When the Spectacle is Over: The Changing Experience of Racist Exclusion among ‘Integrated’ Migrants in Multicultural Australia

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The target of racist moral panic in multicultural societies constantly shifts, assuming different forms at various times. The migrant group against whom this racism is directed often frames most academic and government policy discussions around racism and multiculturalism. This has certainly been the case in Australia. Alternatively, in this paper, I enhance our understanding of how racist exclusion manifests itself in the lives of migrants who are no longer the popular target of racism, by exploring the experience of a migrant group who have been embraced as ‘model’ migrant citizens by wider Australian society. After a period of being the othered spectacle between the 1980s and 1990s, Asian-Australians are now perceived to have integrated socially, culturally and economically into Australian society and are thus often celebrated as a ‘favoured’ minority group. Using preliminary findings from ethnographic research with the Filipino-Australian community in Sydney, I will outline the ways in which Filipino-Australians endure new forms of racism and marginalisation in their everyday lives in spite of experiencing a strong sense of inclusion and belonging in Australian society. In particular, I emphasise the subtle and ambivalent forms of racism and cultural othering that occur in the aftermath of integration. In contrast to studies highlighting how racism is experienced as a barrier into the social system, my findings offer insight into how racism is experienced within the system, thus, stressing the limits to the process of integration that prevent the full social inclusion of minority racial groups. Finally, I also outline the impacts that shifting targets of racism have on the Filipino-Australian community and explore how the privileged position enjoyed by migrants who no longer bare the brunt of racist moral panic add another complex dimension to race and power relations in multicultural Australia.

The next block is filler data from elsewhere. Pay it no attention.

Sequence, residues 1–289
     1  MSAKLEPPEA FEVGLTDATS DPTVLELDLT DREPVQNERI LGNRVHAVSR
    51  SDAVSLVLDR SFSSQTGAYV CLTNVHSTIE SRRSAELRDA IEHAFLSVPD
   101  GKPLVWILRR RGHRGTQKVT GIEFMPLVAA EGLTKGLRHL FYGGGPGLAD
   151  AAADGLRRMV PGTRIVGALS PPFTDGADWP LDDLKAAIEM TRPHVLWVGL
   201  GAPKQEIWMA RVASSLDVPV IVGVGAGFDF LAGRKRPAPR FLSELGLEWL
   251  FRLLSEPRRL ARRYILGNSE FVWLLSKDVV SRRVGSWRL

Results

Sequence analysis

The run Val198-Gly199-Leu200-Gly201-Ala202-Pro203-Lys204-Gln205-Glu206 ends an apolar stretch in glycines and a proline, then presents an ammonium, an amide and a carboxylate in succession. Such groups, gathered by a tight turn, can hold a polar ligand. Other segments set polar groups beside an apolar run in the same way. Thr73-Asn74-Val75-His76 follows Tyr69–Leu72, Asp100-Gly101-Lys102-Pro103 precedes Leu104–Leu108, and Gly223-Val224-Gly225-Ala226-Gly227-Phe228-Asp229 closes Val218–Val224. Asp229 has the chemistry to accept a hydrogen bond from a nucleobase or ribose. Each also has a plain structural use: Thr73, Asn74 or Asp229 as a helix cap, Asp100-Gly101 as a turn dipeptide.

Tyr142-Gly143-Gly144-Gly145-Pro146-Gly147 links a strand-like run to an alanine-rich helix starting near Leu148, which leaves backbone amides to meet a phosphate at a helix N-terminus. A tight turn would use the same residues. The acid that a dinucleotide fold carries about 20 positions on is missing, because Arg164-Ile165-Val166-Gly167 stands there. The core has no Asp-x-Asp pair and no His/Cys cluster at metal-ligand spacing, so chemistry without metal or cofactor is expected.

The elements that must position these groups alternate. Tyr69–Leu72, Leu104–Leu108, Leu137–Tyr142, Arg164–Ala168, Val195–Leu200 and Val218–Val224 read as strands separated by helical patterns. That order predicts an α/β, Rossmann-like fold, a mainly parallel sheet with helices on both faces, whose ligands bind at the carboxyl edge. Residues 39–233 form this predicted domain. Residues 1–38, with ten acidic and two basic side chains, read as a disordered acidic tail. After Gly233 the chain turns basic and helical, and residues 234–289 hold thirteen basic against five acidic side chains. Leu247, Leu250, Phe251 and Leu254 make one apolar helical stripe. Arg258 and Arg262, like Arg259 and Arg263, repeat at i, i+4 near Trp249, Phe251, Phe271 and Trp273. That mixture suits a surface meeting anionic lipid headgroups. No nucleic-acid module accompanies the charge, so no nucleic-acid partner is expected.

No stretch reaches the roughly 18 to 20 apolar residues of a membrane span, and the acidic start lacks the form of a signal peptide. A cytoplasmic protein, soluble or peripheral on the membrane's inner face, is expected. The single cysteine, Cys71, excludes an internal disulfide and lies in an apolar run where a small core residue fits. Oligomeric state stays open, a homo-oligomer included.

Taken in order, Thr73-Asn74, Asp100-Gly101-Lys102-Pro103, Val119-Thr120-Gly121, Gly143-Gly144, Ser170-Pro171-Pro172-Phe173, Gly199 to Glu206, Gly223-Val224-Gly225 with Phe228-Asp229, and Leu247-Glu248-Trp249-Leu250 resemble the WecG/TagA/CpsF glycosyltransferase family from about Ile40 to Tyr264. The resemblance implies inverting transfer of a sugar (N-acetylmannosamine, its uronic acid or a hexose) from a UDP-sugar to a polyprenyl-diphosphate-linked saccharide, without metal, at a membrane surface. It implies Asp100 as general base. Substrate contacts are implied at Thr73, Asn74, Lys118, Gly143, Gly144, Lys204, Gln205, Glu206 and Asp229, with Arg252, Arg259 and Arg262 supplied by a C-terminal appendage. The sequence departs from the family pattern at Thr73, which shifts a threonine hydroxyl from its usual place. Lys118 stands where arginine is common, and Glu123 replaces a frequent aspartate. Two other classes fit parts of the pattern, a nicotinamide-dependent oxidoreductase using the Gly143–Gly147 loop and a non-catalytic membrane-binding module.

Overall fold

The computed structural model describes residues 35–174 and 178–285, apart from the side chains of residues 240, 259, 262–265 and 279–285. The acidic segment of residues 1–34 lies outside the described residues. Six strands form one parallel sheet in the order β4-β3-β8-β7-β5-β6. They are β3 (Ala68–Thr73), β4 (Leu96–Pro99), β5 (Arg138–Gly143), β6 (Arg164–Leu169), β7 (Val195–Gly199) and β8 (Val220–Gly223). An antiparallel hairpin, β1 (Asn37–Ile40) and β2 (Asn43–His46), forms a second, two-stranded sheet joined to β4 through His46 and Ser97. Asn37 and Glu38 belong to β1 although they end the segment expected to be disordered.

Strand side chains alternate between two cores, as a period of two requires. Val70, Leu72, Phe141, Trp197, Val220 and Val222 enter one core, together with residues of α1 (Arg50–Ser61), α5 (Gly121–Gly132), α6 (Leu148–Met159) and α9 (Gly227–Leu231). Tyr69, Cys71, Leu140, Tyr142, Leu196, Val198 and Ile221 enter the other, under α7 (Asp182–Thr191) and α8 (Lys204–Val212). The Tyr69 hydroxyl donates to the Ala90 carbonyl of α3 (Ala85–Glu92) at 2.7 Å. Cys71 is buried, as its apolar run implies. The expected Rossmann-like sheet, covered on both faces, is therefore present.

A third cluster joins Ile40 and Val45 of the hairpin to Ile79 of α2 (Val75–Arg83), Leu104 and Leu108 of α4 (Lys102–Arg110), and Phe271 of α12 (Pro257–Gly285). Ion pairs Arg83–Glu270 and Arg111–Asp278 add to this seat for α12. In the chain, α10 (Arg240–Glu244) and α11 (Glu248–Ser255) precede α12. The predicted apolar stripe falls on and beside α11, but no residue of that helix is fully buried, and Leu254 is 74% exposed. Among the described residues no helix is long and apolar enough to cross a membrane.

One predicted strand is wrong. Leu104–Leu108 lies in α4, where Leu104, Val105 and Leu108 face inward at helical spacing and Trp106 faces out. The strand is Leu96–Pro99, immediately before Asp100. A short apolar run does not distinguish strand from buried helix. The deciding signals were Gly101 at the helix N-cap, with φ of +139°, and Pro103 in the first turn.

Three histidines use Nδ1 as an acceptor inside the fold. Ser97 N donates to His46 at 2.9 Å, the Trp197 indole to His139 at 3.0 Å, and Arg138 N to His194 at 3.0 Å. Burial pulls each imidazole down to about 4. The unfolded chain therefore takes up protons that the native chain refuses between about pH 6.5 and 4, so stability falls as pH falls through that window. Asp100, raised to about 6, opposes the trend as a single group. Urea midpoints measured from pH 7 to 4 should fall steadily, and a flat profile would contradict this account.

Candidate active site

Keywords: Racism, Multiculturalism, Inclusion, Exclusion, Integration, Australia, Asian-Australians, Filipino-Australians
Stream: Race and Racism
Presentation Type: Virtual Presentation in English
Paper: A paper has not yet been submitted.


Kristine Aquino

PhD Candidate, Centre for Research on Social Inclusion, Macquarie University
Sydney, NSW, Australia

Kristine Aquino is a PhD candidate with the Centre for Research on Social Inclusion, Macquarie University. Her PhD thesis investigates how everyday racism is experienced in the lives of middle class and working class Filipinos living in Sydney, and the everyday antiracist strategies that they use to overcome these racial boundaries.

Ref: D08P0306